5 Biggest Surprises of Overwatch League Stage 1

The Overwatch League's 2019 season is in its final week of the first stage. After the roller coaster that was the opening weeks, the teams have begun to stabilize and it is increasingly clear where they stand heading into the Stage 1 playoffs and/or Stage 2. 

But just because understanding has increased doesn't mean that the stage was immune to unpredictability throughout the weeks. Here are the five biggest surprises of OWL stage 1. 

5. The Chengdu Hunters' Wild Ride

If at first you don't succeed, give up and try something completely different. This was the philosophy of the Chengdu Hunters for the majority of the stage, running off-the-cuff compositions around Wrecking Ball to seemingly make up for their deficiency in Reinhardt team play... until they unexpectedly drove the Vancouver Titans through a nail-bitingly close series with a stunning performance from Menghan "Ameng" Ding on the German hero. 

While nowhere near the cleanest or most efficient play, the wild and zany strategies thrown out by the Hunters stole them wins while they awaited a metagame that better suited their players, all while entertaining the crowd with their crazy antics. 

4. The Immortal New York Excelsior

After a surprise loss knocked the NYXL out of the 2018 playoffs and with many of their star DPS players taking a backseat in the current meta, it would not have been unreasonable to expect New York to look shakier in the new season, particularly when it seemed the game favored a faster tempo than this traditionally-defensive team enjoyed. 

Instead, they end with a perfect 7-0 stage as the number one seed in the Atlantic Division, and it doesn't look like they've skipped a beat. Zenyatta prodigy Sung-hyeon "JJoNak" Bang and newly-promoted Yeon-kwan "Nenne" Jeong form a monstrously strong damage-dealing duo around which the NYXL can play their cagey style as they wait for the opportune moment to pounce.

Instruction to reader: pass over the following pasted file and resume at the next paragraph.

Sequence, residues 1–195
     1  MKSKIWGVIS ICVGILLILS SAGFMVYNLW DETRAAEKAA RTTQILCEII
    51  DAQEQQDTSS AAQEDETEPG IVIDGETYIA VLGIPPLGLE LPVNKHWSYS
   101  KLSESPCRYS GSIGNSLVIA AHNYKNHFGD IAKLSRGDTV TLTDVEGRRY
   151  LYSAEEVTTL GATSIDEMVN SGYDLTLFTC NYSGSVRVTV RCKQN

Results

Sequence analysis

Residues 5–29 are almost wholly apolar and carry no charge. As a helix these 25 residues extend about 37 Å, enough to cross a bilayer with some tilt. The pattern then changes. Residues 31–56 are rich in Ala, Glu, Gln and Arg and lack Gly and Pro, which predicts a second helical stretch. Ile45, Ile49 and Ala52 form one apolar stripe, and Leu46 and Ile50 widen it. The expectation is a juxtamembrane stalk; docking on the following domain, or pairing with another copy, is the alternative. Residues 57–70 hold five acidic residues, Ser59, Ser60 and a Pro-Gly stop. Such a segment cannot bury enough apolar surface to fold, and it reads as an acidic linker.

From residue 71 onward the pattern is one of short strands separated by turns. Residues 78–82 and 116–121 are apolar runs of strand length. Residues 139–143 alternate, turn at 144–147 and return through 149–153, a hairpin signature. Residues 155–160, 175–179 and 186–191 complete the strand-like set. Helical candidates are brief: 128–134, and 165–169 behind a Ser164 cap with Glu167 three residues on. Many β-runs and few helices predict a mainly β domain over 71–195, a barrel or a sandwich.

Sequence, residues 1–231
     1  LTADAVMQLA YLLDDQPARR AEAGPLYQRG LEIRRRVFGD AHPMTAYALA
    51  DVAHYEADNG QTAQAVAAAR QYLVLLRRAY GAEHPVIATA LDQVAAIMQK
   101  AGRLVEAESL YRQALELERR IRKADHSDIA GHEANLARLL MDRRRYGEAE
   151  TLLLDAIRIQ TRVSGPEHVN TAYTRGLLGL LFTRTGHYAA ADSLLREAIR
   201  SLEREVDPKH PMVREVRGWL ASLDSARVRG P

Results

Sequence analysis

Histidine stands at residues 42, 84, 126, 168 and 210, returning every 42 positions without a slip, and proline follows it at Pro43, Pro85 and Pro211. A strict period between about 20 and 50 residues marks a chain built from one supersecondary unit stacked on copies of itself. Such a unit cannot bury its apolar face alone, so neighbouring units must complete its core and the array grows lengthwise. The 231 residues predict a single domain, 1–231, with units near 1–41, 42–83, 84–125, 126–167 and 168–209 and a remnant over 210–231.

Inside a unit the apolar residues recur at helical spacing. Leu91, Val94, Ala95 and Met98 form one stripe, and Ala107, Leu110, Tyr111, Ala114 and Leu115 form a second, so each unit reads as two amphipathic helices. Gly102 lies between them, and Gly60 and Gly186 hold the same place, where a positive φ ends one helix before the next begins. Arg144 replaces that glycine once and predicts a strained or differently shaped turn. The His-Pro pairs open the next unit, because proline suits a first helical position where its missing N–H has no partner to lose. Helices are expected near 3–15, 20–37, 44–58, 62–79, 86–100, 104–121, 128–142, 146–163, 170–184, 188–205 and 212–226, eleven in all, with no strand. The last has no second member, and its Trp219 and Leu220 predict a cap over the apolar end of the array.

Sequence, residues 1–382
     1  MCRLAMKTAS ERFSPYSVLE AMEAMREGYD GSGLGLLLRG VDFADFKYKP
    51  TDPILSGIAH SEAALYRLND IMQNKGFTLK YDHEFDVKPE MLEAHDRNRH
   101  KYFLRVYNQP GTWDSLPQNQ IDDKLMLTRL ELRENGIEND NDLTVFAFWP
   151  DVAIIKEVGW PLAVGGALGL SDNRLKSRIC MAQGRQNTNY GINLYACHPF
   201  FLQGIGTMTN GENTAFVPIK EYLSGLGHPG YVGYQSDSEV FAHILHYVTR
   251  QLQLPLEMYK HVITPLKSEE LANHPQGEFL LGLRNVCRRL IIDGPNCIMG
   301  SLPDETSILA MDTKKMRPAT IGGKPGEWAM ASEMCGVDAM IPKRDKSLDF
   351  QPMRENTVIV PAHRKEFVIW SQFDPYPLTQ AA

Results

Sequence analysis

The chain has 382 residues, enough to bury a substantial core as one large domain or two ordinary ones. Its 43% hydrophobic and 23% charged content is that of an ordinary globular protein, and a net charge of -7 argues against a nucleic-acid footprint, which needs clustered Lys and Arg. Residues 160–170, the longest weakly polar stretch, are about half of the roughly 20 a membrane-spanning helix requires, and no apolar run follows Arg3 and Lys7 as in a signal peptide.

3. The Brutal Variance in Strength of Schedule

With so many new teams and a much more different format, making a stage playoffs requires as much cooperation from the schedule as it does from player talent and team cohesion. Trying to grasp the relative strength of teams in this complicated, counter-intuitive and competitively-unstable division-playoffs system requires reams of data and inspection, as the win-loss record disguises the actual potential of teams. 

No doubt the stage 1 playoffs will see some teams make appearances based off more than a bit of luck of drawn opponents in the stage. 

2. The Toronto Defiant Defy Expectations

The Toronto Defiant didn't lack for talent with star-level players in Se-hyeon "Neko" Park and Seung-hyun "Ivy" Lee, but it was the rest of the roster which raised eyebrows. Built largely from scratch with little preexisting synergy, Toronto could have been like many of the other expansion or rebuilt teams and struggled with synergy and cohesion. 

Instead, the Defiant has emerged as a competent, clean team which wins off good reads of their advantages and executing on win conditions. Though yet to be truly tested, that the Defiant have demonstrated consistency (save for early games due to stage nerves) is itself a surprise, but a welcome one.

1. The LA Valiant's Meteoric Plunge to the Bottom

The Valiant took Los Angeles's "City of Angels" moniker as their inspiration, but thus far the winged humanoid with which they share the most comparison is Icarus. 

In what should've been a meta well-suited to their strict top-down structure and reliance on teamplay, the Valiant have instead flailed in uncoordinated flurries of ultimates and flubbed engages/disengages. 

Coupled with bizarre comments regarding the status of the roster and the game knowledge of the players thereof, and the Valiant crumpled both in the server and in public perception. Such was the disastrous start for the previous season's semifinalist that they have since parted ways with their head coach

Is this the right choice? Only time will tell. For now, though, the Valiant are in the ignominious position of ending stage 1 with 25% of their season's games lost.

We are 0-7 indeed. 

Images courtesy of Robert Paul for Blizzard Entertainment